Liz Smith claimed to have invented Donald Trump, and in a powerful and enduring way, she did.
.. The legendary gossip columnist, who died Sunday at 94, started delivering her daily dish about New York celebrities in 1976, the same year the brash Australian press lord Rupert Murdoch bought the New York Post and transformed it into a British-style splash of lurid headlines, crime-drenched reporting and juicy gossip.
.. Smith and Trump were made for each other. She was a kinder, gentler gossipmonger, winning access to celebrities by telling the stories they wanted told rather than the more slashing tidbits that turned some columnists into personae non gratae among the boldface names. And he was a young real estate mogul hungry to establish himself as one of the city’s biggest names.
.. Trump had been schooled in the art of manipulating the news media by his mentor Roy Cohn, the New York lawyer who had launched his own career in the 1950s by enlisting the 20th century’s greatest gossip columnist, Walter Winchell, as a booster for Sen. Joseph McCarthy’s communist-hunting crusade.
.. Cohn had urged him to cultivate the gossip columnists, to make appearances at the right nightspots, to make certain that he was being seen and recorded with the hottest models and rising stars on his arm.
.. Trump used the tabloids to establish himself as a champion of the little guy. “When we would talk particularly to immigrants, recent immigrants who were the readers of the Daily News, they would always want to know about Donald Trump,” said News gossip columnist George Rush. “He embodied the American Dream to them. Excessive conspicuous consumption is not a bad thing in New York to a lot of people.”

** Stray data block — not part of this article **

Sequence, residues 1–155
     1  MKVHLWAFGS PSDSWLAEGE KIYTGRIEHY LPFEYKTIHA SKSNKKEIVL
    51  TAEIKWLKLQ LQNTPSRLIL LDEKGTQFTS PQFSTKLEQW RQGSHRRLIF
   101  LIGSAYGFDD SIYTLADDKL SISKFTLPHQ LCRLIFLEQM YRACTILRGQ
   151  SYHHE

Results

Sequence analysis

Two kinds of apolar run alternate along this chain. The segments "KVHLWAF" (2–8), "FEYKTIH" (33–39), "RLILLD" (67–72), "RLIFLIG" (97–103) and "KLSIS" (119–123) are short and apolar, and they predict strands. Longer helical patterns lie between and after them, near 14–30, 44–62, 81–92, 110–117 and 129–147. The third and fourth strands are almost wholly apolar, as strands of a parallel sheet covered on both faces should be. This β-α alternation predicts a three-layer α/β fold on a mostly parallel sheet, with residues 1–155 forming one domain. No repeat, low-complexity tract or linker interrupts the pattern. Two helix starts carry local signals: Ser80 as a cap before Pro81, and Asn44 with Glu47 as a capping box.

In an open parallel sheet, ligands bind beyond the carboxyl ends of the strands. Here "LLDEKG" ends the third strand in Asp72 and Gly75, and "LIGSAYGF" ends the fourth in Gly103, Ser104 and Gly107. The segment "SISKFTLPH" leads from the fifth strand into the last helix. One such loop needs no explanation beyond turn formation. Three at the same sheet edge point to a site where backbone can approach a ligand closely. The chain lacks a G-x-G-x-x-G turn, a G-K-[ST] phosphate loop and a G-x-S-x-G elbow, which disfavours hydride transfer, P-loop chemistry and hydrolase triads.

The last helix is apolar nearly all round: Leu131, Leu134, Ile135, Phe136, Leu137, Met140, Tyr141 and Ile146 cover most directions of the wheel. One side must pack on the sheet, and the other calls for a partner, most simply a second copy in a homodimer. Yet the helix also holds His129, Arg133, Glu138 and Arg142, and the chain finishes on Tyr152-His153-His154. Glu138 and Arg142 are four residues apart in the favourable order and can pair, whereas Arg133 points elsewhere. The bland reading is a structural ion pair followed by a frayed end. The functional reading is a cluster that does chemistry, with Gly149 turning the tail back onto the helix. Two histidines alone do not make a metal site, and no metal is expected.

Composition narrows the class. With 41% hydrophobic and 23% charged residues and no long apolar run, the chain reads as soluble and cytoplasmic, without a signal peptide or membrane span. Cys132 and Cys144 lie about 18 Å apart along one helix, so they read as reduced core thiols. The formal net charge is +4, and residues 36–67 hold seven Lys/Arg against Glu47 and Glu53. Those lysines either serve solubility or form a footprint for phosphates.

.. The tabloid war was on, as Smith wrote about nothing but the Trumps for several months, trading scoops with the Post’s Cindy Adams, who took Donald’s side as Smith became an advocate for her own source, Ivana.
.. The Daily News plastered Trump split stories on the front page for 12 days in a row; the Post responded with eight consecutive Trump headlines on Page One.
.. The stories were a bonanza for the newspapers, and Trump later said that the divorce episode put him on the celebrity map, despite any pain that may have stemmed from having his personal life exposed. “Liz Smith used to kiss my ass so much it was embarrassing,” Trump wrote
.. The Ivana-and-Donald story made Smith a star, establishing her as the highest-paid print journalist in the country. And it lifted Trump to a new level of fame and infamy. He relished the idea that he was the talk of the town, both in the boardrooms from which he’d always felt excluded and in the barrooms where, he believed, middle-class New Yorkers aspired to be like him.